Law officers providing elementaries more than security
Published: Tuesday, April 23, 2013 at 6:07 p.m.
Last Modified: Tuesday, April 23, 2013 at 6:07 p.m.
Posting law enforcement officials at local elementary schools was a precaution implemented in the wake of the Newtown shooting in December, but it has become more than a security measure, officials said Tuesday.
Protection is the primary objective of the Alachua County sheriff's deputies and Gainesville Police Department officials who work at these schools, but they are also developing relationships with the teachers, parents and students they serve.
"One of the main goals that we have is that children at a very early age see us as good people," Sheriff Sadie Darnell told the County Commission Tuesday. "Not someone to run from, but someone to run to."
Darnell, along with GPD Chief Tony Jones and Alachua County Superintendent Dan Boyd, gave an update to the board during its Tuesday meeting on how the placement of officers in elementary schools, which started in January, has worked out so far.
Darnell said the deputies collaborate with school staff to help children who have experienced trauma and can provide support for children at the elementary, middle and high school level.
Darnell recalled one deputy who has been working closely with school personnel to provide extra support for a child who witnessed a parent's murder at an early age and has been acting out.
But law enforcement officials aren't a source of support only for students who have witnessed a crime, but for any student having a tough day. Darnell spoke of a deputy who noticed a crying little boy and asked him what was wrong. The student said he missed his mommy.
The deputy, Darnell said, replied, "I miss my mommy too." Then he walked him to class.
Extending a law enforcement presence from middle and high schools to elementary schools required personnel changes for both GPD and the Sheriff's Office.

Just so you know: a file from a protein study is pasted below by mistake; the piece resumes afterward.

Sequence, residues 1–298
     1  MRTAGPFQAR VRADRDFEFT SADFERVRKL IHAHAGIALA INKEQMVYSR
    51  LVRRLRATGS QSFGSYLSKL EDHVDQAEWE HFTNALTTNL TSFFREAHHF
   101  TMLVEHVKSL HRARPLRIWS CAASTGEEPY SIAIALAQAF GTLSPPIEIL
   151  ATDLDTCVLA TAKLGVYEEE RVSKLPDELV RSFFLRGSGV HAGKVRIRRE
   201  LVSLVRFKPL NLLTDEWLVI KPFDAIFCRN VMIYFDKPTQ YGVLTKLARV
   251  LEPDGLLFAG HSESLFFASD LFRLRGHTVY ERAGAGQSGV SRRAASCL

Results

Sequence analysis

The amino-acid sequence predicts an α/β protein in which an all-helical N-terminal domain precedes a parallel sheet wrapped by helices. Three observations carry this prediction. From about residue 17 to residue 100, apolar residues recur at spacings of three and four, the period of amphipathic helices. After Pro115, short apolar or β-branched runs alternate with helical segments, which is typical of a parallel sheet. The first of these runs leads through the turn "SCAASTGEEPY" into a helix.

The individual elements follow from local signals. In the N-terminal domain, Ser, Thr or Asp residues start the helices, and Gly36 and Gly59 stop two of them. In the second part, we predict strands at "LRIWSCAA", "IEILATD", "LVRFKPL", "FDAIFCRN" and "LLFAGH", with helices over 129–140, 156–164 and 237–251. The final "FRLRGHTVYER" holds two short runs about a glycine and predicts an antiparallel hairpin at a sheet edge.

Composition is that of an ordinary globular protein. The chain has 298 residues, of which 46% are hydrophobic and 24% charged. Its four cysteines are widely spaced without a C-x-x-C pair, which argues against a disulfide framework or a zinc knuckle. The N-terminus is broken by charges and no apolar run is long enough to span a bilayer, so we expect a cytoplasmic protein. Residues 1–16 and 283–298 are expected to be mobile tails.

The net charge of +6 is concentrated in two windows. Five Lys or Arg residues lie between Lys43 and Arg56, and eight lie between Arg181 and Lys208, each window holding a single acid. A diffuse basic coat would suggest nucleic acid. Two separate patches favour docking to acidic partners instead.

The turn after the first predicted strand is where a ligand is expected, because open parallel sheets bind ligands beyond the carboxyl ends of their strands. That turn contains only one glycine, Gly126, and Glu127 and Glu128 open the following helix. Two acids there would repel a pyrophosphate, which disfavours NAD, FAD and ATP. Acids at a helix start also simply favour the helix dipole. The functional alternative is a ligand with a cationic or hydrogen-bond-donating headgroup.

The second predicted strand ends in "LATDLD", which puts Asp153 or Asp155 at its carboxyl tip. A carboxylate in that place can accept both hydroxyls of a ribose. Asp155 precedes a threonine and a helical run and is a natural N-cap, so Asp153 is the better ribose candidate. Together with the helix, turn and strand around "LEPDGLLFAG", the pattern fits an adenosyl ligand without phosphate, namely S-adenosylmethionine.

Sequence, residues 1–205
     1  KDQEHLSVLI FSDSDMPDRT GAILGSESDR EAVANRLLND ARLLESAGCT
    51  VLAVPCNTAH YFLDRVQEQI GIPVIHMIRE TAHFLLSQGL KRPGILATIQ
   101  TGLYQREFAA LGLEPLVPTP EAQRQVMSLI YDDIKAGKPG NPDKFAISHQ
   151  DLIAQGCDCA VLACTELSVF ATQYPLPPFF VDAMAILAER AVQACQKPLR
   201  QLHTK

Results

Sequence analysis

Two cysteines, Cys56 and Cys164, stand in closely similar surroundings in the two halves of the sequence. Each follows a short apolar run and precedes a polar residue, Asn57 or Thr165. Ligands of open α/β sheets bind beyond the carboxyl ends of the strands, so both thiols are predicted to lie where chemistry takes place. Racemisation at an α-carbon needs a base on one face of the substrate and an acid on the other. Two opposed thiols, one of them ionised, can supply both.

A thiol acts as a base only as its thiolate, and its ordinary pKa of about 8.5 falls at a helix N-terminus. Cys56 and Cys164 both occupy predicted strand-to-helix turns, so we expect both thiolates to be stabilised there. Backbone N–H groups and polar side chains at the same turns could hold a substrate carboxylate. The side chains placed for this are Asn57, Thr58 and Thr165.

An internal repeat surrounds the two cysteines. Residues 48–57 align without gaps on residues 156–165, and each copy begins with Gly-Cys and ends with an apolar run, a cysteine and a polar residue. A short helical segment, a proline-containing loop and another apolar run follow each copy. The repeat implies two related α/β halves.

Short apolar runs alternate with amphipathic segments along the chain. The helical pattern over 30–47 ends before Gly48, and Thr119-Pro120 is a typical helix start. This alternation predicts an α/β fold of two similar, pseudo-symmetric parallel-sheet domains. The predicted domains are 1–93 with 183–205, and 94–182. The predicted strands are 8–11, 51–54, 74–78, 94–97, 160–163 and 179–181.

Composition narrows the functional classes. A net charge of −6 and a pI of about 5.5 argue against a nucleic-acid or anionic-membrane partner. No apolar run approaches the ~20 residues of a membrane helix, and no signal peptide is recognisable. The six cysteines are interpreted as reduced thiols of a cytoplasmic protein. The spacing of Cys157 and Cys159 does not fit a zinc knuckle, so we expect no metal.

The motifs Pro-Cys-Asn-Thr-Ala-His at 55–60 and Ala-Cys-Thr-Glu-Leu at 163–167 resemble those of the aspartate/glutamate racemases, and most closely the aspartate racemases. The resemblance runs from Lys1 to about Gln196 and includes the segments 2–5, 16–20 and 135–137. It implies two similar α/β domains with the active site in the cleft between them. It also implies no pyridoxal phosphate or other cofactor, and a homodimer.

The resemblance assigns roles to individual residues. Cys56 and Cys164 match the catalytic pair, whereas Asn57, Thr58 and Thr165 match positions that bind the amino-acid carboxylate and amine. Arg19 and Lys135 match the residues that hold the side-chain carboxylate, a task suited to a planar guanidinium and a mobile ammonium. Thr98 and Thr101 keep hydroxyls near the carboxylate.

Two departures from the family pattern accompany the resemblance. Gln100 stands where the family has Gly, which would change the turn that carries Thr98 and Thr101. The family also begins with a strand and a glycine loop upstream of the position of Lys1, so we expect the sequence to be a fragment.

Darnell said she wouldn't need additional money from the county to keep the 12 deputies she currently has in local elementary schools there for at least the next year. She was able to find room in her budget by redirecting the six-deputy community-oriented policing unit from neighborhoods to elementary schools and disbanding a traffic unit in order to send its six deputies to the schools as well.
Jones pulled four police officers off the road and posted them at elementary schools within the Gainesville city limits instead. He said the sacrifice was worth it to provide better protection for students. "This is our most vulnerable population," he said.
Darnell can budget for the deputies right now, but additional funding is always welcome. She doesn't expect it to come from the in-session Florida Legislature, but she said she is hopeful federal grants supporting this kind of service will arise in the near future.
Boyd said the School Board plans to contribute money to support GPD and the Sheriff's Office in this endeavor if and when it becomes available.
"They came to our aid when this tragedy unfolded," Boyd said of the agencies. "I didn't have to ask for a thing."
Commissioner Mike Byerly said he was encouraged to hear the officers and deputies are in the schools not to be armed guards, but true resource officers. Re-evaluating the service in a few years could help determine if it should be a long-term strategy, he said, or if more funding is needed.
Now that law enforcement officials are posted at local elementary schools, Darnell said controlling on-campus access is the next security challenge that needs to be addressed. Criminal offenders can get onto school grounds fairly easily in some places, which is something the Sheriff's Office and the schools plan to change, she said.
Contact Morgan Watkins at 338-3104 or email@example.com.
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